A theremin is an electronic musical instrument that you can play without even touching it - spooky! The theremin senses the distance from its antennae to the player's hands, and changes its pitch and volume based on these distances. The theremin was used to make soundtrack music for many iconic spooky movies, like The Day the Earth Stood Still (1958), and is perfect inspiration for a Halloween project!
Here, I've turned a pumpkin into a Jack-o-Theremin using an ultrasonic distance sensor and a Circuit Playground Express (CPX). The CPX uses the distance measurement to generate a sound and flash the onboard NeoPixels in various colors. This version of a theremin has a much more digital-bleepy-bloopy sound than a traditional theremin, but you still get to make music by waving your hand around in the air!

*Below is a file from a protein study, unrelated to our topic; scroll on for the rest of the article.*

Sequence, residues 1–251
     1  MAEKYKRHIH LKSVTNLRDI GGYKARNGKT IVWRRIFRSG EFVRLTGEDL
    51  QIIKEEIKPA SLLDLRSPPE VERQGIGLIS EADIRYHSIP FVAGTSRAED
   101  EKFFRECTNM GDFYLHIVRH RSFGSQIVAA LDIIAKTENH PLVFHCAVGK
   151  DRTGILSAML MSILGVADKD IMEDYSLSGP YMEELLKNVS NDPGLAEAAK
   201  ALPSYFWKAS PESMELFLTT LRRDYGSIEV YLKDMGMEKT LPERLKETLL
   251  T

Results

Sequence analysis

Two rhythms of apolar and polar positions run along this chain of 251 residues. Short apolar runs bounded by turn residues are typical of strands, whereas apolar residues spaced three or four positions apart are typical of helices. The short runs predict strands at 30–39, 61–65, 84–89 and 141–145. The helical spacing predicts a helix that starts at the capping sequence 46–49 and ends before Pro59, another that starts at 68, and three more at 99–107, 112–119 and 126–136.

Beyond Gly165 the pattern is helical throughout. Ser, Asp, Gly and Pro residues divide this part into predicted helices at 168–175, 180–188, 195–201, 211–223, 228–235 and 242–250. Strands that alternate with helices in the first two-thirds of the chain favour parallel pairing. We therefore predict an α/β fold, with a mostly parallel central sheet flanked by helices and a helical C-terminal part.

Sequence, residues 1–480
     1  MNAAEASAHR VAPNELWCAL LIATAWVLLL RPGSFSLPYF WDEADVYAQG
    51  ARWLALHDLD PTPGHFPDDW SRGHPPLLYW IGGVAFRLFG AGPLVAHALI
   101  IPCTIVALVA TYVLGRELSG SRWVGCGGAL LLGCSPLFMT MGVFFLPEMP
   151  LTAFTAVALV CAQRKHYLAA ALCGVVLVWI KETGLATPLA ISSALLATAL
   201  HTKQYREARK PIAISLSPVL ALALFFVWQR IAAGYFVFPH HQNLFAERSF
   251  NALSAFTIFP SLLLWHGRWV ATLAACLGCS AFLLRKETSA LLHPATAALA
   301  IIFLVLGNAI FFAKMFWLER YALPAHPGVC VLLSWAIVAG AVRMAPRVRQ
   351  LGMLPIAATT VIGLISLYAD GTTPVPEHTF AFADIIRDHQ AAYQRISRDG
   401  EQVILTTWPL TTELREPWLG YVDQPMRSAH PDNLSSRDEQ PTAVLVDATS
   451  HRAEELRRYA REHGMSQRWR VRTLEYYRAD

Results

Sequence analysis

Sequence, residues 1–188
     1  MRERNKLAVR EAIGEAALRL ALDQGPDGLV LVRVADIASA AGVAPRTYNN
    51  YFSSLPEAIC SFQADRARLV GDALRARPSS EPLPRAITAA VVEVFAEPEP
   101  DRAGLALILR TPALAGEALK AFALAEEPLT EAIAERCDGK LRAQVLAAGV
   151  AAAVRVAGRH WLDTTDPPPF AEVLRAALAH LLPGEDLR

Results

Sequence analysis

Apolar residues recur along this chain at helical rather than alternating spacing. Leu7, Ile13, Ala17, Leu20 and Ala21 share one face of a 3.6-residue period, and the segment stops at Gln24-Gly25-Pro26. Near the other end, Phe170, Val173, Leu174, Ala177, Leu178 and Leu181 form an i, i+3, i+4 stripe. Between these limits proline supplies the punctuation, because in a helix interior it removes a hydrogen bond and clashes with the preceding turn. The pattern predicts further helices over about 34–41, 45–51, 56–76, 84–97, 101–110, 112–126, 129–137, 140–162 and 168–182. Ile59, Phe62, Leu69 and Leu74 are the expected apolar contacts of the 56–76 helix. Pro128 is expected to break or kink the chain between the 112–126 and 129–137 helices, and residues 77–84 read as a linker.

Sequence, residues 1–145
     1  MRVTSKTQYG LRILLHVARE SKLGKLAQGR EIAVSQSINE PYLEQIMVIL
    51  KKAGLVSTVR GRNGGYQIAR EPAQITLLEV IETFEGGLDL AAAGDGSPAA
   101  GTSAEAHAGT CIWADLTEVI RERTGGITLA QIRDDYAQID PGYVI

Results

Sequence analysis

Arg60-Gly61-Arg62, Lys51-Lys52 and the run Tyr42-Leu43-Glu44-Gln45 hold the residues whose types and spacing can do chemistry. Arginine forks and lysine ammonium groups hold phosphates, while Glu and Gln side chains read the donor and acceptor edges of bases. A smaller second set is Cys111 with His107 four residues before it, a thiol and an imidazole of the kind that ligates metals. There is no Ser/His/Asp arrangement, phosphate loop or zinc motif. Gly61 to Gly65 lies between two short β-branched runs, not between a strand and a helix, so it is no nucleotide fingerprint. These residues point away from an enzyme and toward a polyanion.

Note: For my project, I used a scavenged speaker that I had in my spare parts box, but the speaker listed above will work just fine!
You'll also need a pumpkin to carve, and I highly recommend choosing a plastic or foam pumpkin for this project. That way, you can enjoy your Jack-o-Theremin for many Halloweens to come! If you do build this into a real pumpkin, you'll need to cover all the electronics with plastic wrap or seal them in a plastic bag inside the pumpkin.